Root Canal Treatment
If you’re experiencing severe tooth damage, decay, or a painful tooth infection (abscess), a root canal treatment may be the solution recommended by your dentist. Root canals are an effective way to save and repair your damaged tooth, avoiding the need for extraction.
What’s Involved in Root Canal Repair?
Inside your tooth, there is soft tissue called pulp that houses nerves, blood vessels, and provides nourishment to the tooth. When this tissue gets infected due to a deep cavity, repeated dental procedures, tooth cracks or fractures, or injuries, it can lead to pain, swelling, and potentially an abscess. Without proper treatment, the infection can spread to the surrounding tissues and bones, risking the loss of the affected tooth.
Is Root Canal Treatment Done During a Regular Check-up?
A root canal treatment typically requires 1 or 2 office visits to complete. You may need to schedule a follow-up appointment with your dentist or be referred to an endodontist, a specialist who focuses on the pulp and tissues surrounding teeth.
What to Expect During the Root Canal Procedure?
Root canal treatment is virtually painless, as your dentist will use local anesthesia to ensure your comfort during the procedure. Before starting the treatment, your dentist will take X-rays to assess the condition of your tooth and the surrounding bone. A thin sheet of latex rubber will be placed over your tooth to keep it dry, clean, and protected from harmful bacteria and viruses found in the mouth.
During the Treatment, Your Dentist Will:
- Create an opening in the top of your tooth.
- Remove the infected pulp from inside the tooth and the root canals.
- Thoroughly clean the tooth’s interior and each root canal, often using germ-killing medicine.
- Seal the root canals with a rubber-like material to prevent future infection.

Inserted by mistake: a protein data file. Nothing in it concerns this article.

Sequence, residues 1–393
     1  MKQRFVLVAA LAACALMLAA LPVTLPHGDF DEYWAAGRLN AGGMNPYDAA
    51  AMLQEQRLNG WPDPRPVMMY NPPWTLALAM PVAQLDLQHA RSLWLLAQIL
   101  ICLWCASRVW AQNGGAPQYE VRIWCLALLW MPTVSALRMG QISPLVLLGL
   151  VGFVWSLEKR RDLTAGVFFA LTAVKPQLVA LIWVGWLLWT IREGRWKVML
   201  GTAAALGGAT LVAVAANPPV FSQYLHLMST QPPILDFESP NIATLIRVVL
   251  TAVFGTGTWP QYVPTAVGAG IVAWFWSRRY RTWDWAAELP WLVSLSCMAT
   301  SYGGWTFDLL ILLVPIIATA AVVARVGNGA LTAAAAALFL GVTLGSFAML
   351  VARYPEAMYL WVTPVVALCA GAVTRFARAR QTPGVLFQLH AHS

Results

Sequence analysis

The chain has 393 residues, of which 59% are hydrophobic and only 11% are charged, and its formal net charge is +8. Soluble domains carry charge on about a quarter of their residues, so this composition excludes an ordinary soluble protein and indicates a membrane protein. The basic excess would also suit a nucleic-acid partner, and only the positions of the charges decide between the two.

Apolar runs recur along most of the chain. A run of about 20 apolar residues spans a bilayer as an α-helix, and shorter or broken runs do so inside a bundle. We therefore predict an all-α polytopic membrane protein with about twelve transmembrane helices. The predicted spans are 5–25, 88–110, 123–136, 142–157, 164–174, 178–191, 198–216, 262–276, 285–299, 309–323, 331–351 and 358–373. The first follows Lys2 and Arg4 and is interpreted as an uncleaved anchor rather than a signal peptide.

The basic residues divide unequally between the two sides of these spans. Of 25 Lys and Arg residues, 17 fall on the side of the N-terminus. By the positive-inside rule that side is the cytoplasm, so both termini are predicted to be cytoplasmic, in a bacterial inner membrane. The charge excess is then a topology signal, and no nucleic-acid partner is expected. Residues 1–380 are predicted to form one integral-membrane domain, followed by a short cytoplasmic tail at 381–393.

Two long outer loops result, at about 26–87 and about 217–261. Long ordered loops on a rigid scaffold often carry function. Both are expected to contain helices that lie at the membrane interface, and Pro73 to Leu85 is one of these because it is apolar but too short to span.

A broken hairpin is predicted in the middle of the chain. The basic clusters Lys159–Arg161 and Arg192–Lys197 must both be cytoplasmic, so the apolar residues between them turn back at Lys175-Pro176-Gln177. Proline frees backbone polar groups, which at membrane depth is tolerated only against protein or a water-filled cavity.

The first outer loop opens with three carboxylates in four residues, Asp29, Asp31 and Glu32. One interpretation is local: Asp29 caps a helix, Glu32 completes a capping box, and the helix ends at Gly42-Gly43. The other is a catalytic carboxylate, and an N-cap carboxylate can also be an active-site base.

- Place a temporary filling on the tooth to safeguard it until a definitive restoration like a permanent filling or crown can be placed.
After Root Canal Treatment:
- Your tooth and the surrounding area may feel sensitive for a few days. Your dentist can advise you on how to alleviate any discomfort.
- Antibiotics may be prescribed if the infection has spread. Follow the instructions provided and contact your dentist if you encounter any issues with the medication.
A follow-up visit is necessary after the root canal treatment. During this appointment, the temporary filling will be replaced with a regular filling or crown to protect your tooth from further damage. Additionally, a metal or plastic post may be inserted into the root canal to support the filling materials and prepare for a crown if needed.
How Long Will a Root Canal Filling Last?
With proper care, a root canal-treated tooth can last a lifetime. Maintain good oral hygiene practices by brushing twice daily with fluoride toothpaste, flossing daily, and visiting your dentist regularly for check-ups to ensure your teeth remain strong and healthy. Trust in root canal treatment to restore your oral health and preserve your natural smile.
Main Street Dental
1200 Main Street - La Crosse, WI 54601